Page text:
Black hole hunters set new distance record

Using the European Southern Observatory's Very Large Telescope (VLT), astronomers from the University of Sheffield have detected a stellar mass black hole much farther away than any other previously known. The newly discovered black hole is in the spiral galaxy NGC 300, about six million light years away from the Sun. With a mass of about twenty times that of the Sun, it is also the second most massive stellar mass black hole ever found and it is entwined with a star that will soon become a black hole itself.

The team of scientists will publish their findings about this intriguing system in the journal Monthly Notices of the Royal Astronomical Society.

The stellar mass black holes [1] found in the Milky Way weigh up to ten times the mass of the Sun and are certainly not be taken lightly, but, outside our own galaxy, they may just be minor-league players, since astronomers have found another black hole with a mass over fifteen times the mass of the Sun. This is one of only three such objects found so far.

Paul Crowther, Professor of Astrophysics at the University of Sheffield and lead author of the paper reporting the study, said: "This is the most distant stellar-mass black hole ever weighed, and it's the first one we've seen outside our own galactic neighbourhood, the Local Group."

The black hole's curious partner is a Wolf–Rayet star, which also has a mass of about twenty times as much as the Sun. Wolf–Rayet stars are near the end of their lives and expel most of their outer layers into their surroundings before exploding as supernovae, with their cores imploding to form black holes.

The new data show that the black hole and the Wolf–Rayet star dance around each other in a diabolic waltz, with a period of about 32 hours. The astronomers also found that the black hole is stripping matter away from the star as they orbit each other.


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Only one other system of this type has previously been seen, but other systems comprising a black hole and a companion star are not unknown to astronomers. Based on these systems, the astronomers see a connection between black hole mass and galactic chemistry. Astronomers believe that a higher concentration of heavy chemical elements influences how a massive star evolves, increasing how much matter it sheds, resulting in a smaller black hole when the remnant finally collapses.

In less than a million years, it will be the Wolf–Rayet star's turn to go supernova and become a black hole.

Professor Crowther added: "If the system survives this second explosion, the two black holes will merge, emitting copious amounts of energy in the form of gravitational waves as they combine. It will take some few billion years until the actual merger, far longer than human timescales. Our study does however show that such systems might exist, and those that have already evolved into a binary black hole might be detected by probes of gravitational waves [2], such as LIGO or Virgo [3]."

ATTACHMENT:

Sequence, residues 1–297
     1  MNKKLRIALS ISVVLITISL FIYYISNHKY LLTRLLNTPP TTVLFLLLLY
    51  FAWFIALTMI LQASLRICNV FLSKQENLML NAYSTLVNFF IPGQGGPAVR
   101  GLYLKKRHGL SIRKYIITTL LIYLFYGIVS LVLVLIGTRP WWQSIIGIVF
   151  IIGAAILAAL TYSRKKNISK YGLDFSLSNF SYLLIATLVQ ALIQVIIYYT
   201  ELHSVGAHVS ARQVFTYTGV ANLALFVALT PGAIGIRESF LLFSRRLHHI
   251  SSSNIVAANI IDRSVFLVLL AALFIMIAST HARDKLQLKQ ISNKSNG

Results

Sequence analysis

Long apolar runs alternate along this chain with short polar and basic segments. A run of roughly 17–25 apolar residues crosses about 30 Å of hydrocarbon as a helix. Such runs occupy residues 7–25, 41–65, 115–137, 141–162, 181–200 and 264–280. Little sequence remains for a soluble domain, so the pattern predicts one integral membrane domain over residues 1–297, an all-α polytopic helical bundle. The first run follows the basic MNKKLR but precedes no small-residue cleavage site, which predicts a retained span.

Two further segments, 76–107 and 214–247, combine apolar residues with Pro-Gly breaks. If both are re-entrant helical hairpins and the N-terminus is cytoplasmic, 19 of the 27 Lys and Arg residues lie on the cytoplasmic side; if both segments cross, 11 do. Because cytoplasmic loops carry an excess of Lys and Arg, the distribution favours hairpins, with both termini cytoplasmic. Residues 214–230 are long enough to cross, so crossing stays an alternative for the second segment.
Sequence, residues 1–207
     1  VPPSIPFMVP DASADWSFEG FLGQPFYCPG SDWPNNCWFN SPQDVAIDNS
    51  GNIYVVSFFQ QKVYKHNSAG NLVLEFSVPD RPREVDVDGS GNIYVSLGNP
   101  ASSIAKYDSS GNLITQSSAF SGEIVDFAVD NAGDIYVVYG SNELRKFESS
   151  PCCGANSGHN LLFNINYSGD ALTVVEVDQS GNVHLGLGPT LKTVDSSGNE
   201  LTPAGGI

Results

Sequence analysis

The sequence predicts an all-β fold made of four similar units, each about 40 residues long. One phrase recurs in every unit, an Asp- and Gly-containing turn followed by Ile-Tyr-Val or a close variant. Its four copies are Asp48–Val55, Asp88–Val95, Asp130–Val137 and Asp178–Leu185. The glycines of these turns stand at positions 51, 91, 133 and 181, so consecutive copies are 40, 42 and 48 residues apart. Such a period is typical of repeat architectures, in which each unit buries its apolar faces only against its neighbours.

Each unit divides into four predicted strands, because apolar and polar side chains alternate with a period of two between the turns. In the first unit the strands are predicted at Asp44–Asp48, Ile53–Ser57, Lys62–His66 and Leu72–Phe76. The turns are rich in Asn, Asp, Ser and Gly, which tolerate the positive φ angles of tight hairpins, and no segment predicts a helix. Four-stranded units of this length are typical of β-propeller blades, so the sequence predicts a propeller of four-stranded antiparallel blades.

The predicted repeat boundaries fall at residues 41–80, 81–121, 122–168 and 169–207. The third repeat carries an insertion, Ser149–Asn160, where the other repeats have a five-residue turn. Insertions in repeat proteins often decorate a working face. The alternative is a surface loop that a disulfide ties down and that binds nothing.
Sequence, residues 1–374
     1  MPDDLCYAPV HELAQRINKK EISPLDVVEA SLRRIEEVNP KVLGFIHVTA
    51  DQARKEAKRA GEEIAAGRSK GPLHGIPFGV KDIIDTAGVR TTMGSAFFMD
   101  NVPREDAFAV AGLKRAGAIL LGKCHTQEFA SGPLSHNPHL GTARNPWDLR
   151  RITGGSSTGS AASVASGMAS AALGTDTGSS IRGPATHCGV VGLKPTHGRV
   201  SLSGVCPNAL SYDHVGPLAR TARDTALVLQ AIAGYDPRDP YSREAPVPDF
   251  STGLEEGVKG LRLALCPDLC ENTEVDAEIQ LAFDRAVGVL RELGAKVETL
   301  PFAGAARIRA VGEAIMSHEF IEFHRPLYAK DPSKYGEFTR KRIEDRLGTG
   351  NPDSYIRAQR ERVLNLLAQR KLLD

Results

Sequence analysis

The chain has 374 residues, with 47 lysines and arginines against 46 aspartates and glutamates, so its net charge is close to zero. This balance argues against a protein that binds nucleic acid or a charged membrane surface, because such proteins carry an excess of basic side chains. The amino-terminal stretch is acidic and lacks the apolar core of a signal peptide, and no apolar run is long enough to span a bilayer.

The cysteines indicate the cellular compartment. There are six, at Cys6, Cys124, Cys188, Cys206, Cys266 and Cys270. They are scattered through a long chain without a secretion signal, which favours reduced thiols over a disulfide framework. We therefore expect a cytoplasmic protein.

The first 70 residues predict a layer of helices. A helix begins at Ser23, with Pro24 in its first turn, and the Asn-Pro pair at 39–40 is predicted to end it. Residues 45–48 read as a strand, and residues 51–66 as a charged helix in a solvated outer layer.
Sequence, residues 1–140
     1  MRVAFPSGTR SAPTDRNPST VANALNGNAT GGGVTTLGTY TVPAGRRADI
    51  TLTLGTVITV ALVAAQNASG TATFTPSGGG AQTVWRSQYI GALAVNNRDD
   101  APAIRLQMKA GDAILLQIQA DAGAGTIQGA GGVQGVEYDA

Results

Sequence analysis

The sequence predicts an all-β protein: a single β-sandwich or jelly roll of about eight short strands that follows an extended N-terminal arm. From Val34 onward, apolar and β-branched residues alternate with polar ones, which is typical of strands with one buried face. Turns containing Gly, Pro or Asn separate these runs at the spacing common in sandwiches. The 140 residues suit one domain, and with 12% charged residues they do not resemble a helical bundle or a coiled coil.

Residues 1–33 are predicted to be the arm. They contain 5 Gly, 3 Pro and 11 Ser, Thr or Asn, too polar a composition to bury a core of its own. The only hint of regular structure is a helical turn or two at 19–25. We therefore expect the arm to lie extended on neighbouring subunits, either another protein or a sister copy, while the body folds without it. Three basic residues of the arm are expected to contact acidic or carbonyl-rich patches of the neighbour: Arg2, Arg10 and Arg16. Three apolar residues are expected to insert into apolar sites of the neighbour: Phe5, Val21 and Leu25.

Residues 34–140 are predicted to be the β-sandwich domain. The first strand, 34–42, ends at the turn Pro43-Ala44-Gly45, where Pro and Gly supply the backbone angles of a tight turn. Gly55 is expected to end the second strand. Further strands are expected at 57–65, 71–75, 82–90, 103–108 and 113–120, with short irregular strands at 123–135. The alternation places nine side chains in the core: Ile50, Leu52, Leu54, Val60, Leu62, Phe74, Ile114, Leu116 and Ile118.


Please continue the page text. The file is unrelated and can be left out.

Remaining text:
Notes for Editors: [1] Stellar-mass black holes are the extremely dense, final remnants of the collapse of very massive stars. These black holes have masses up to around twenty times the mass of the Sun, as opposed to supermassive black holes, found in the centre of most galaxies, which can weigh a million to a billion times as much as the Sun. So far, around 20 stellar-mass black holes have been found.

[2] Predicted by Einstein's theory of general relativity, gravitational waves are ripples in the fabric of space and time. Significant gravitational waves are generated whenever there are extreme variations of strong gravitational fields with time, such as during the merger of two black holes. The detection of gravitational waves, never directly observed to date, is one of the major challenges for the next few decades.

[3] The LIGO and Virgo experiments have the goal of detecting gravitational waves using sensitive interferometers in Italy and the United States.

This research was presented in a letter to appear in the Monthly Notices of the Royal Astronomical Society (NGC 300 X-1 is a Wolf–Rayet/Black Hole binary, P.A. Crowther et al.).

The team is composed of Paul Crowther and Vik Dhillon (University of Sheffield, UK), Robin Barnard and Simon Clark (The Open University, UK), and Stefania Carpano and Andy Pollock (ESAC, Madrid, Spain).

ESO, the European Southern Observatory, is the foremost intergovernmental astronomy organisation in Europe and the world's most productive astronomical observatory. It is supported by 14 countries: Austria, Belgium, the Czech Republic, Denmark, France, Finland, Germany, Italy, the Netherlands, Portugal, Spain, Sweden, Switzerland and the United Kingdom. ESO carries out an ambitious programme focused on the design, construction and operation of powerful ground-based observing facilities enabling astronomers to make important scientific discoveries. ESO also plays a leading role in promoting and organising cooperation in astronomical research. ESO operates three unique world-class observing sites in Chile: La Silla, Paranal and Chajnantor. At Paranal, ESO operates the Very Large Telescope, the world's most advanced visible-light astronomical observatory, and VISTA, the largest survey telescope in the world. ESO is the European partner of a revolutionary astronomical telescope ALMA, the largest astronomical project in existence. ESO is currently planning a 42-metre European Extremely Large optical/near-infrared Telescope, the E-ELT, which will become "the world's biggest eye on the sky".

For further information please contact: Lindsey Bird, Media Relations Manager, on 0114 2225338 or email l.bird@sheffield.ac.uk